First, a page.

The biggest water softener maintenance task is topping up your salt. You can expect to spend between $100 and $300 per year on salt for your softener – but what if you’re spending a lot more than this?
If your water softener seems to get through far more salt than the average system, you might be wondering whether it’s using too much salt.
But how much salt is technically normal?
What affects your water softener’s salt usage?
And is it possible to reduce your yearly salt spend?
I’ve answered these questions and more in this guide.
🧂 What Affects Water Softener Salt Usage?
There are several factors that may affect how much salt your water softener uses. These include:
Your water hardness is an indication of the quantity of calcium and magnesium present. The more calcium and magnesium ions present, the more sodium will be needed for ion exchange in the resin tank.
It makes sense that if your hardness levels are particularly high, your system will use a greater amount of salt per gallon compared to a home with moderately hard water. Considering hardness is exactly what you purchased your softener to tackle, there’s nothing you can do to reduce your water hardness in advance of it entering the tank.
Your water’s TDS levels may also have an impact on your water softener salt usage. TDS (or total dissolved solids) is a broad indication of how saturated your water is with inorganic and organic materials. A higher TDS indicates that you most likely have iron, copper, sulfates, or manganese in your water.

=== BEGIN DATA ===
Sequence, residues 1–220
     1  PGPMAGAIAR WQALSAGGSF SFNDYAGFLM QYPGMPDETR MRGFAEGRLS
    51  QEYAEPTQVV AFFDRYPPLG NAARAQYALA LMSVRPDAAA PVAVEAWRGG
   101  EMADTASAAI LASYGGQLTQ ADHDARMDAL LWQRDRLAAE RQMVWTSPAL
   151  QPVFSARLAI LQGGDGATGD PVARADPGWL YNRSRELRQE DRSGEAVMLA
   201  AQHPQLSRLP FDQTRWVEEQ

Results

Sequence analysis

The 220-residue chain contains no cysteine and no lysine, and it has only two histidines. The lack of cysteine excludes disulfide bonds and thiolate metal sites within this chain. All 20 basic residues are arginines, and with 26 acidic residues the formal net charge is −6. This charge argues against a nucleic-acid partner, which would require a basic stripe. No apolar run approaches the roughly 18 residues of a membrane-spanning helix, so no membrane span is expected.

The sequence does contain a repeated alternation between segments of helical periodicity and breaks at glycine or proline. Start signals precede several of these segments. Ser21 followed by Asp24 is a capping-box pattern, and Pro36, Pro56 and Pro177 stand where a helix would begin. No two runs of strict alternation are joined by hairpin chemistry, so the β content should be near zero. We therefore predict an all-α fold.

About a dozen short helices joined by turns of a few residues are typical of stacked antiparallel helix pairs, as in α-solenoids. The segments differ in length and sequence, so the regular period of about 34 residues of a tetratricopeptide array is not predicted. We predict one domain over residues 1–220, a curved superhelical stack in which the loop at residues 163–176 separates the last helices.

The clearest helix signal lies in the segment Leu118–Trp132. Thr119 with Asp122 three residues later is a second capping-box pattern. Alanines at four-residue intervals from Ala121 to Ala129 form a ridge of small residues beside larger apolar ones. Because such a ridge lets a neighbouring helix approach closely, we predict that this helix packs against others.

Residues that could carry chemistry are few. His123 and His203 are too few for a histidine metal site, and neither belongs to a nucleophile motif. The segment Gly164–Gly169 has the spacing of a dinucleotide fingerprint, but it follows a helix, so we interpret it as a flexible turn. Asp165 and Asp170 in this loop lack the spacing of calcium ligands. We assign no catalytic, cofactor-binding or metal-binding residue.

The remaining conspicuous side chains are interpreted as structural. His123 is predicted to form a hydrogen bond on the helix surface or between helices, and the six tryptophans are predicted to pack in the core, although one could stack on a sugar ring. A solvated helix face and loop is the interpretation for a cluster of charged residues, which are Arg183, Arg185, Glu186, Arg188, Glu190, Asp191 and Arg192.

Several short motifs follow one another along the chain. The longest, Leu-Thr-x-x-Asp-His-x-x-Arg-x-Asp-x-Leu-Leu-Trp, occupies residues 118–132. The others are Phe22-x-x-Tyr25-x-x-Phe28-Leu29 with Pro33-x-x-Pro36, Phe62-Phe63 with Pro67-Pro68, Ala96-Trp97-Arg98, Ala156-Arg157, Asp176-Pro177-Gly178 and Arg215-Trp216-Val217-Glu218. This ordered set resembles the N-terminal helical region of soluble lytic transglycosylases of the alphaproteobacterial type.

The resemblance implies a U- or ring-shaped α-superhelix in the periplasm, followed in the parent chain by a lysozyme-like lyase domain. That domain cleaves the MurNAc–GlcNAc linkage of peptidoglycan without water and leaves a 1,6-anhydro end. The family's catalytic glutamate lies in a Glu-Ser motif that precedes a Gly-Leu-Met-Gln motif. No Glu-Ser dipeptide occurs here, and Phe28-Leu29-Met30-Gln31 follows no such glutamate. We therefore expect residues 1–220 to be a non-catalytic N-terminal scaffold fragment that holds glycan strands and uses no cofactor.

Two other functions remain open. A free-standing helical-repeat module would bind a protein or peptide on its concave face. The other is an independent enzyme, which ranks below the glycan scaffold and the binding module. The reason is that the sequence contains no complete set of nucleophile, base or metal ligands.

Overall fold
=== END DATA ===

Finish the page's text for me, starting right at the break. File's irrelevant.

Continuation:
These minerals will also be removed from your water during ion exchange, and will take up space in the resin bed. So, even if your water hardness is relatively low, your system will still require a substantial amount of salt because of the additional mineral presence.
The amount of water you use depends on several factors, such as your family size and how many hours per day you spend at home. If you’re using more water, there will naturally be more water flowing through your ion exchange water softener, prompting the softener to regenerate more frequently.
You might be able to cut down on the amount of water your household uses by simply being aware of water waste. Washing larger batches of laundry less frequently, taking shorter showers and fixing any leaks can all help you to reduce your water intake and limit the amount of salt used in your water softener.
Your water softener’s resin capacity is another important factor that should be considered before you buy the system. The more sodium the resin can hold onto, the longer the system will be able to operate before requiring the softener to regenerate.
However, water softeners are complex systems, and using a lower amount of salt per regeneration and regenerating more frequently is actually said to be the best option if you’re looking to reduce your spend on this method of water treatment.
Improperly Sized System
Water softeners come in a variety of sizes, and you may think that when it comes to effective soft water production, the bigger, the better. But this isn’t true if you’re trying to reduce your salt level.
A water softener should regenerate every 2 days to keep the resin bed active. But if you’re using less water in your house than your softener accommodates for, you could end up wasting salt in the resin, which may have a capacity that’s too large for your daily water consumption.
Increased Water Usage
Perhaps you’re confident that you use a certain amount of water in your home every day… but for some reason, it looks like you’re now using more. This may be because you have a leak near the softening unit, or in your home’s pipes, toilets or faucets.
Even small leaks can waste up to a gallon of water every day. You might put off fixing your leaks, but leaving a leak as it is will waste money and increase your water softener salt usage.